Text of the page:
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2.  Evolution of a sensory novelty: Tympanic ears and the associated neural processing 
Brain Research Bulletin  2007;75(2-4):365-370.
Tympanic hearing is a true evolutionary novelty that appears to have developed independently in at least five major tetrapod groups—the anurans, turtles, lepidosaurs, archosaurs and mammals. The emergence of a tympanic ear would have increased the frequency range and sensitivity of hearing. Furthermore, tympana were acoustically coupled through the mouth cavity and therefore inherently directional in a certain frequency range, acting as pressure difference receivers. In some lizard species, this acoustical coupling generates a 50-fold directional difference, usually at relatively high frequencies (2–4 kHz).
In ancestral atympanate tetrapods, we hypothesize that low-frequency sound may have been processed by non-tympanic mechanisms like those in extant amphibians. The subsequent emergence of tympanic hearing would have led to changes in the central auditory processing of both high-frequency sound and directional hearing. These changes should reflect the independent origin of the tympanic ears in the major tetrapod groups. The processing of low-frequency sound, however, may have been more conserved, since the acoustical coupling of the ancestral tympanate ear probably produced little sensitivity and directionality at low frequencies. Therefore, tetrapod auditory processing may originally have been organized into low- and high-frequency streams, where only the high-frequency processing was mediated by tympanic input.
The closure of the middle ear cavity in mammals and some birds is a derived condition, and may have profoundly changed the operation of the ear by decoupling the tympana, improving the low-frequency response of the tympanum, and leading to a requirement for additional neural computation of directionality in the central nervous system. We propose that these specializations transformed the low- and high-frequency streams into time and intensity pathways, respectively.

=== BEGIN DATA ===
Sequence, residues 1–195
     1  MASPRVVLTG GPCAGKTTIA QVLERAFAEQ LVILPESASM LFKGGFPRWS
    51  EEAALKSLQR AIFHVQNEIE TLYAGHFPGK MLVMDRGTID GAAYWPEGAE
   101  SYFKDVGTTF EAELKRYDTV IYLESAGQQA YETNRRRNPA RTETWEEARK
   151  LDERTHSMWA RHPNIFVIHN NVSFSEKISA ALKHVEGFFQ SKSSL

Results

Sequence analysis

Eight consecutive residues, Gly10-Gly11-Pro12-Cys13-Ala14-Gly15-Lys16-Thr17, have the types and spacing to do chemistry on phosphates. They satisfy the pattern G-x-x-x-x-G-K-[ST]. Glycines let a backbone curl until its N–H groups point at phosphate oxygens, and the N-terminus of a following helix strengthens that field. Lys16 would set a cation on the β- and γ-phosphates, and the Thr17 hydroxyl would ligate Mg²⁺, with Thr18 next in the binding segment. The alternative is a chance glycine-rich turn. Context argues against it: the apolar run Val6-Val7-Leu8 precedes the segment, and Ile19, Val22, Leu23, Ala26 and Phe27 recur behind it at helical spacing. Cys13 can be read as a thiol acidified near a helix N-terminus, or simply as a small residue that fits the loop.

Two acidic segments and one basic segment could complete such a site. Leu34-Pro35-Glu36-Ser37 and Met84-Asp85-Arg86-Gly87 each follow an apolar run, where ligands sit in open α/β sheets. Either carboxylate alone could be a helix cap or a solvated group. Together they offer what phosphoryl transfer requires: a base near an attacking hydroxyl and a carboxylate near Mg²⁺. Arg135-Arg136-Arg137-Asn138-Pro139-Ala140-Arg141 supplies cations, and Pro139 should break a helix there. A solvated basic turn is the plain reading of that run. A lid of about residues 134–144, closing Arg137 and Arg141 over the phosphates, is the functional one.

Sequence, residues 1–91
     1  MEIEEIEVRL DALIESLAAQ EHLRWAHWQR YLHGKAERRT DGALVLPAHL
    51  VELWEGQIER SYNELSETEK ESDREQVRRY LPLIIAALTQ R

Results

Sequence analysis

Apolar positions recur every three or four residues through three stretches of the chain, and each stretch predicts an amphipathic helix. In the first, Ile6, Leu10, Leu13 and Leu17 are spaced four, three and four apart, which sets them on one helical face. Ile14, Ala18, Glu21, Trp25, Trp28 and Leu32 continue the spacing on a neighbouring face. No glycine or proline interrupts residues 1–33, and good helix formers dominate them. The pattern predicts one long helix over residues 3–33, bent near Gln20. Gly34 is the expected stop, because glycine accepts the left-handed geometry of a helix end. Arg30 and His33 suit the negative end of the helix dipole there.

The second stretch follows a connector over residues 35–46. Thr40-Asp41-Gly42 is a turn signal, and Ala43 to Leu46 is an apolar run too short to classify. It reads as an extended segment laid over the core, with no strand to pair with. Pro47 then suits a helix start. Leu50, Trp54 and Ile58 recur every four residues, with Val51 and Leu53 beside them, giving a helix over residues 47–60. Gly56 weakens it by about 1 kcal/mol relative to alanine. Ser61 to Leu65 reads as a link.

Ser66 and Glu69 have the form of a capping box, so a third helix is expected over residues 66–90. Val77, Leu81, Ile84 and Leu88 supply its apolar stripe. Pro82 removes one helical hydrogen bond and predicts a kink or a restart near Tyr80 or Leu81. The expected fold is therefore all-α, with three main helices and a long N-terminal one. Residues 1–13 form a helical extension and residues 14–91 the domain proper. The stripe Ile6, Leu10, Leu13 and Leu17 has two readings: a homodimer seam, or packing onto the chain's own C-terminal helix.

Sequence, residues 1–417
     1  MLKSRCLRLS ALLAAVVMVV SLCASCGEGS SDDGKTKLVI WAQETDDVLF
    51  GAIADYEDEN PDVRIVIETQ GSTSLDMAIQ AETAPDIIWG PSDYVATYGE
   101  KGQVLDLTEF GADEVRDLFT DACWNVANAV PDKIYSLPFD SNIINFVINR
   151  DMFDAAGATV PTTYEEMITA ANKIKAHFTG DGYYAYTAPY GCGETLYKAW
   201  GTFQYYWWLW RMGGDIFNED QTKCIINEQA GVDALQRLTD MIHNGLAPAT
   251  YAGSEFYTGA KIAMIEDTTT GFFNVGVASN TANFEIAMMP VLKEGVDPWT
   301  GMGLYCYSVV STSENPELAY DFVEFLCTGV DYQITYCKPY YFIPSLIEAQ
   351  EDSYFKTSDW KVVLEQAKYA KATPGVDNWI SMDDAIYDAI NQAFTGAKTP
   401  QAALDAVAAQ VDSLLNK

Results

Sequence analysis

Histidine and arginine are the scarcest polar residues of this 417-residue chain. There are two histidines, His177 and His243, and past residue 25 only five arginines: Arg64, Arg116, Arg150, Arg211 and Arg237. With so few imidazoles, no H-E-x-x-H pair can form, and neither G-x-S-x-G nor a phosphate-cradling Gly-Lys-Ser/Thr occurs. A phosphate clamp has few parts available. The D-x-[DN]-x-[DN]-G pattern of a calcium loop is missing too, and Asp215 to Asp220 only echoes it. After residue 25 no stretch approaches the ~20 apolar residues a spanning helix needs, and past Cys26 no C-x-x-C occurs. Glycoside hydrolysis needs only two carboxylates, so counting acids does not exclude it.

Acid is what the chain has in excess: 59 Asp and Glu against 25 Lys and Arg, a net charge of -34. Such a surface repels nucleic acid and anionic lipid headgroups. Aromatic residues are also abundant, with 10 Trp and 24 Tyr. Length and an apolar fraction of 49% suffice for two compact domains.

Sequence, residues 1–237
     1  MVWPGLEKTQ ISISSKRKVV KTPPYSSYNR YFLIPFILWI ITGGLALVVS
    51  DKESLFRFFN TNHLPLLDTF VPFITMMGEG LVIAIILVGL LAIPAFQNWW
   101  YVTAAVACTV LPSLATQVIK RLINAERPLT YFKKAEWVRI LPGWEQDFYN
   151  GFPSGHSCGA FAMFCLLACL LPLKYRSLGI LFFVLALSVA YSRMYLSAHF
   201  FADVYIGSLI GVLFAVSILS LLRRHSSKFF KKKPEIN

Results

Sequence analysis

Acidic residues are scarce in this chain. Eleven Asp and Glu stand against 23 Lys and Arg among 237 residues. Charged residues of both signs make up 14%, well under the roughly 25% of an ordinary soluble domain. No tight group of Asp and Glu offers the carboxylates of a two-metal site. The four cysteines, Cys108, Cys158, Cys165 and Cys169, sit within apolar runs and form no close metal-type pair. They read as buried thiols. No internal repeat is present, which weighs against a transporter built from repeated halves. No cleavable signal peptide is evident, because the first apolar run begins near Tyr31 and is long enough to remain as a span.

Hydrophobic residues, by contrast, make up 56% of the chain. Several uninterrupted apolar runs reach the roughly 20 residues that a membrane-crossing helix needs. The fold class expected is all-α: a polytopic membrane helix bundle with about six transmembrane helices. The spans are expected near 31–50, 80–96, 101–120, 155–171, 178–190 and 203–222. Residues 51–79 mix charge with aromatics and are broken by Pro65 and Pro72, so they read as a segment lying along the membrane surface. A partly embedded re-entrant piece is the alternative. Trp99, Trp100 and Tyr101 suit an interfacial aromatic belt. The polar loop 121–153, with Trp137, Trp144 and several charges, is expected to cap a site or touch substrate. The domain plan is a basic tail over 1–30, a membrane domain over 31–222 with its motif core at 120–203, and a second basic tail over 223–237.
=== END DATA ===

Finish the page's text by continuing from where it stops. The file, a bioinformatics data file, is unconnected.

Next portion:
doi:10.1016/j.brainresbull.2007.10.044
PMCID: PMC3269633  PMID: 18331899
Middle ear; Tympanum; Lizard; Frog; Hearing; Auditory; Brain stem
3.  Functional Delay of Myelination of Auditory Delay Lines in the Nucleus Laminaris of the Barn Owl 
Developmental Neurobiology  2007;67(14):1957-1974.
In the barn owl, maps of interaural time difference (ITD) are created in the nucleus laminaris (NL) by interdigitating axons that act as delay lines. Adult delay line axons are myelinated, and this myelination is timely, coinciding with the attainment of adult head size, and stable ITD cues. The proximal portions of the axons become myelinated in late embryonic life, but the delay line portions of the axon in NL remain unmyelinated until the first postnatal week. Myelination of the delay lines peaks at the third week posthatch, and myelinating oligodendrocyte density approaches adult levels by one month, when the head reaches its adult width. Migration of oligodendrocyte progenitors into NL and the subsequent onset of myelination may be restricted by a glial barrier in late embryonic stages and the first posthatch week, since the loss of tenascin-C immunoreactivity in NL is correlated with oligodendrocyte progenitor migration into NL.
doi:10.1002/dneu.20541
PMCID: PMC3269634  PMID: 17918244
auditory delay lines; nucleus laminaris; myelination; oligodendrocyte progenitor migration; tenascin-C
4.  Development of N-Methyl-D-Aspartate Receptor Subunits in Avian Auditory Brainstem 
N-methyl-D-aspartate (NMDA) receptor subunit-specific probes were used to characterize developmental changes in the distribution of excitatory amino acid receptors in the chicken’s auditory brainstem nuclei. Although NR1 subunit expression does not change greatly during the development of the cochlear nuclei in the chicken (Tang and Carr [2004] Hear. Res 191:79 – 89), there are significant developmental changes in NR2 subunit expression. We used in situ hybridization against NR1, NR2A, NR2B, NR2C, and NR2D to compare NR1 and NR2 expression during development. All five NMDA subunits were expressed in the auditory brainstem before embryonic day (E) 10, when electrical activity and synaptic responses appear in the nucleus magnocellularis (NM) and the nucleus laminaris (NL). At this time, the dominant form of the receptor appeared to contain NR1 and NR2B. NR2A appeared to replace NR2B by E14, a time that coincides with synaptic refinement and evoked auditory responses. NR2C did not change greatly during auditory development, whereas NR2D increased from E10 and remained at fairly high levels into adulthood. Thus changes in NMDA NR2 receptor subunits may contribute to the development of auditory brainstem responses in the chick.
doi:10.1002/cne.21303
PMCID: PMC3268522  PMID: 17366608
cochlear nucleus; magnocellularis; laminaris; angularis; tonotopic gradient

Results 1-4 (4)